In House #1822.
    Airdate: 3/7/07
    Focus: New release from Too Slim & the Taildraggers, The Fortune Teller, also playing Idaho Falls tonight. Plus, new music from John Hammond, Joe Ely, Hayward Williams, and more.


    In House PODCAST #271

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    Tuesday, March 06, 2007

    In House #1821: The Arcade Fire's Neon Bible Out Today; New Page France

    Just in case you're somehow not aware, Montreal's Arcade Fire return with their second full-length today, entitled Neon Bible. The effort is, of course, their follow-up to 2004's Funeral, the nearly universally-praised debut that came out of nowhere to propel the band to indie star status. Later came stage sharings with the likes of David Byrne and U2, among others. Where there might be discernible pressure, however, The Arcade Fire doesn't appear to be letting on. Neon Bible is, at the very least, a creation worthy of its predecessor; at best, it's a musically and lyrically complex epic that expands Funeral's scope while maintaining its sincerity and indignation. While the stepping stones can still be traced to the likes of the Talking Heads, early U2, and The Clash, at least one unlikely musical nod creeps into the new songs here and there, with the ghost of early Springsteen hovering over songs like "Keep the Car Running," and "Antichrist Television Blues." It adds up to a kind of bleak grandeur: assessing the current state of the world as darkness, followed by a righteous rejection of this fact as completely unacceptable. While this may not be entirely new territory for artists of any ilk, the Arcade Fire's methods are transcendent where they might have been cringe-worthy and naive. The release follows a recent string of dates that is perhaps most accurately referred to as a barnstorming, with packed to the gills shows on both sides of the Atlantic marked for their spontaneity and passion, beginning in the audience and ending in the foyer. Often, people can get swept up in the waves created by such spectacles for reasons that are anything but musical. In this case, the hype surrounding it all appears completely deserved.

    The Arcade Fire

    In House #1821.
    Airdate: 3/6/07
    Focus: New release out today from the Arcade Fire, Neon Bible, plus new music from VietNam, Page France, Apostle of Hustle, Elk City, and more.

    BONUS MP3s from today's show-
    The Arcade Fire, from Neon Bible:
  • "Black Mirror" (MP3)

    David Vandervelde, from The Moonstation House Band:
  • "Murder in Michigan" (MP3)

    Elk City, from New Believers (due 4/17):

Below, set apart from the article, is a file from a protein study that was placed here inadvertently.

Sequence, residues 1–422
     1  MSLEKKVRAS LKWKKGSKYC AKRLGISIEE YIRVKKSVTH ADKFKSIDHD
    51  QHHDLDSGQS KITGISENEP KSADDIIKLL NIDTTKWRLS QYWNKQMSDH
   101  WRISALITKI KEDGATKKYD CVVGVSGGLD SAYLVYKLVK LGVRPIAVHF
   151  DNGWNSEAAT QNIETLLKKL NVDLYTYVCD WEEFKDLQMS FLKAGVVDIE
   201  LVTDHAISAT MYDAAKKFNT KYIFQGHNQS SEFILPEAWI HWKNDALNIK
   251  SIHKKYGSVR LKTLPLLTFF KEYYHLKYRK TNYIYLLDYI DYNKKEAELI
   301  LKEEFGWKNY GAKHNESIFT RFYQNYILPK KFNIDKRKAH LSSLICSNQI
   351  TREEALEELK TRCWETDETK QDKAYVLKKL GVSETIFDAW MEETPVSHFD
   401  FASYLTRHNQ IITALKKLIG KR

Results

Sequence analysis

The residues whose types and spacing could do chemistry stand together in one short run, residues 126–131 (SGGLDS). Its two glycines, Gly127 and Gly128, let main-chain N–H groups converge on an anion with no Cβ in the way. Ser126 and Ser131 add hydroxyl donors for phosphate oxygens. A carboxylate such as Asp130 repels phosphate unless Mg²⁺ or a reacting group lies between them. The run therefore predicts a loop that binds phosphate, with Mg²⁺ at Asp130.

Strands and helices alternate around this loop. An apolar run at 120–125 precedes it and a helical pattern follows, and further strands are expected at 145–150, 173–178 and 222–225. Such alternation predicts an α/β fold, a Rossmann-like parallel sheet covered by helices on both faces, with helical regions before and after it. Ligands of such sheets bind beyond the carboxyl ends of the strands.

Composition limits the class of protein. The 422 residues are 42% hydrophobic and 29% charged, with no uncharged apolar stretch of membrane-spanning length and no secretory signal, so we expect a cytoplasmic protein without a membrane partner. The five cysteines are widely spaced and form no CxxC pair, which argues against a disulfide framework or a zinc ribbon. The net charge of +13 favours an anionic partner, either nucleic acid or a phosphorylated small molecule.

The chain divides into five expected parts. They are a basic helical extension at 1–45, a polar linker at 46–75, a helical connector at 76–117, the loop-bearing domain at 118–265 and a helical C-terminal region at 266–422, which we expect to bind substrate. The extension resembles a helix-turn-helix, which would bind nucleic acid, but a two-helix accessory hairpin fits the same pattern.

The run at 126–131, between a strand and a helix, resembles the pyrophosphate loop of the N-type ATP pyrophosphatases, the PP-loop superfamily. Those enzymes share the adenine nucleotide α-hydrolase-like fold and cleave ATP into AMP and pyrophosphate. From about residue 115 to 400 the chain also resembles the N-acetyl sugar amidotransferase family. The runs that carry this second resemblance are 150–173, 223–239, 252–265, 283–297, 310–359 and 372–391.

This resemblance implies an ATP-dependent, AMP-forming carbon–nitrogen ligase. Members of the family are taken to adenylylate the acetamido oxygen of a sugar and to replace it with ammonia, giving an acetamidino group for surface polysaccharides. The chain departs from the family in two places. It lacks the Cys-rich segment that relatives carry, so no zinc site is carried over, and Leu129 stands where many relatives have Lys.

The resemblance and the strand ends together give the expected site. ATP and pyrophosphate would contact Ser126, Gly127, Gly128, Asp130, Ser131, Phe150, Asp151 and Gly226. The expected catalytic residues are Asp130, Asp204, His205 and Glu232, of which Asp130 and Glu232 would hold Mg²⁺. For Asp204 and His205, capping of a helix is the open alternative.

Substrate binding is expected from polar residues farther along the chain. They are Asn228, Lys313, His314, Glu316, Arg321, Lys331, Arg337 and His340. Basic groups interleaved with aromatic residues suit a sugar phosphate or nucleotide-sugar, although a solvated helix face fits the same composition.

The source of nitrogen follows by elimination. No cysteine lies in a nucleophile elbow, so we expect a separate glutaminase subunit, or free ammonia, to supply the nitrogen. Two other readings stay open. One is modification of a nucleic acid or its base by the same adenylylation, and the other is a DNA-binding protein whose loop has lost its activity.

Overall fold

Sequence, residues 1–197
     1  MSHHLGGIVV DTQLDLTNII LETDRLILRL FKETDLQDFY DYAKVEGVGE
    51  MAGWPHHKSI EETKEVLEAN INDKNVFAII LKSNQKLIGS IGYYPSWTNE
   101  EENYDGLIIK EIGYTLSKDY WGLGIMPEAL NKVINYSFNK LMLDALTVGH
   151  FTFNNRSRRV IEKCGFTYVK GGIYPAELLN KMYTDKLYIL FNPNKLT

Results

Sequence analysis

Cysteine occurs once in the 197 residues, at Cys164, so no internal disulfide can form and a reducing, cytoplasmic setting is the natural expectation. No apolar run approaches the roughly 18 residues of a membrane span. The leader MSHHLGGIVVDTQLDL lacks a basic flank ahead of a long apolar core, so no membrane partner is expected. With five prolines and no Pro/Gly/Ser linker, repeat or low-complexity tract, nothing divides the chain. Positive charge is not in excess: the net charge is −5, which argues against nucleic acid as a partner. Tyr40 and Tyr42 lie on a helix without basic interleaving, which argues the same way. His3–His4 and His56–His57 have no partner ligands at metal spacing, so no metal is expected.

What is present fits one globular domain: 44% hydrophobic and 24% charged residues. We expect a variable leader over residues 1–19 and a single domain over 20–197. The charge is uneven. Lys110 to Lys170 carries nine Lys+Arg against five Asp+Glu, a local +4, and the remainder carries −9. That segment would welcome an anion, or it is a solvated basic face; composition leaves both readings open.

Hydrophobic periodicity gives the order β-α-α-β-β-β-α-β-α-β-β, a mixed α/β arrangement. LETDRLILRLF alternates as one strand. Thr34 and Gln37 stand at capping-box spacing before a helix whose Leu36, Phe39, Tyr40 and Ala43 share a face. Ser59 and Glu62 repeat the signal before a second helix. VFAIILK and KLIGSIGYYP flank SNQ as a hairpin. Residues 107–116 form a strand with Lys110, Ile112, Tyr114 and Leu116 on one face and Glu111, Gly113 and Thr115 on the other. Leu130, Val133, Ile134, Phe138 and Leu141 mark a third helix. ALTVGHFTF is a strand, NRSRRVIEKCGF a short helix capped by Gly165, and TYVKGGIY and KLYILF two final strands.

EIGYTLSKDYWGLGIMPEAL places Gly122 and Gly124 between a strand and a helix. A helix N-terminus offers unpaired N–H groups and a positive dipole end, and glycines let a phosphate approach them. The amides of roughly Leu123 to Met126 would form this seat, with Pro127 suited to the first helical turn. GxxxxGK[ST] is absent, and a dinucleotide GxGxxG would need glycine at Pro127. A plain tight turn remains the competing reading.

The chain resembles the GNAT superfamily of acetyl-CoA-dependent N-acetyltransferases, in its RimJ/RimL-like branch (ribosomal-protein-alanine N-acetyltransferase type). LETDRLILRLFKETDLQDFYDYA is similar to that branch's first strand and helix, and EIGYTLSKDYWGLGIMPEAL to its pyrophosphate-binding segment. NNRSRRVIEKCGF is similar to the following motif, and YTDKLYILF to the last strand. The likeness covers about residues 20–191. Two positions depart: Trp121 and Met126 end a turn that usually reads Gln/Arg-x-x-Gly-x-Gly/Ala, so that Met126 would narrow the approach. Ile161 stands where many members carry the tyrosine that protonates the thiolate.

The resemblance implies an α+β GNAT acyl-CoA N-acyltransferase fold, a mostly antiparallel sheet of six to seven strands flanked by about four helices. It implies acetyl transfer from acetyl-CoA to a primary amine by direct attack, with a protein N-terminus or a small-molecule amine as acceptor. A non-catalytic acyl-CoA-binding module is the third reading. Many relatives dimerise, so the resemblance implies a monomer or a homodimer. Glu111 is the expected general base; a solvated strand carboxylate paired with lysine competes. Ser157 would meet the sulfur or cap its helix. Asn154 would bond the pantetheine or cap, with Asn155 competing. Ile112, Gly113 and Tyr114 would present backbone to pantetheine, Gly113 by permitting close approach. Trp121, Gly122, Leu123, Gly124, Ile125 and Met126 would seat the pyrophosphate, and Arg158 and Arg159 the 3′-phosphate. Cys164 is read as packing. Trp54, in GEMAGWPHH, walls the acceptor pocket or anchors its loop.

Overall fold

• "Los Cruzados" (MP3)


    In House PODCAST #270

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    The Attic #3 (Random Junk)


    So it would appear that after much hand wringing and gnashing of teeth, Blogger has settled into a relative stasis following the switch In House made to its new version. Displays, podcasts, etc. should all be in proper working order now-- if not, drops us a quick note, won't you?

    *In other news, see that "Public Radio Talent Quest" banner on the left sidebar? (It looks a lot like this:
    The Public Radio Talent Quest

    only bigger). It is what it sounds like: beginning in April, the Corporation for Public Broadcasting and Public Radio Exchange will be accepting audio entries from all sorts of non-professional (read: non-established NPR types) radio hosts and potential radio hosts in looking for the next Ira Glass, Nic Harcourt, etc. Details and all are behind the button, but just an FYI in case you want to vote for, you know, anyone and their content when the time arrives. Just so you know, no pressure.

    *Few things, we like to think, are better than a swell new t-shirt emboldened with witty images that declare to the passer-by, "I have intelligence AND a sense of humor," or "No, the irony is not lost on me," or "You will not understand this in the few seconds you have to upload it into your brain before I have walked by." That's just good stuff. The creative and charitable bunch at Threadless have just begun a $10 Spring Broke (get it?) T-Shirt Sale, meaning that nearly every single one of their bazillion stellar T's can be had for a Hamilton (+S&H). The best news is, buy it here and In House benefits, which is good. Among the shirts for your consumption: the newly crowned Decemberists contest winner, "The Soldier Returns," a shirt that perfectly captures the seagoing, war-fighting side of Colin Meloy and company. Or, if topical hilarity is more your bag, nothing says life during (21st century) wartime like, "MP(3)." Really now, can you lose with this? Buy a bunch here.

    *Finally, looking for some way to attract musically-savvy, stunningly attractive people to your website so that you can tell them about your event/obsession/get rich quick scheme/plan to save the world/super extra-special product for sale/etc? Yes? Then why not go the In House route and advertise on the blog or, better, the podcast, or, best yet, both? Space is available for reasonable terms, and we'd be more than happy to subtly suggest to our reasonably large stable of consistent visitors that they head your way. Interested? Inquire within (no obligations, it's just an email: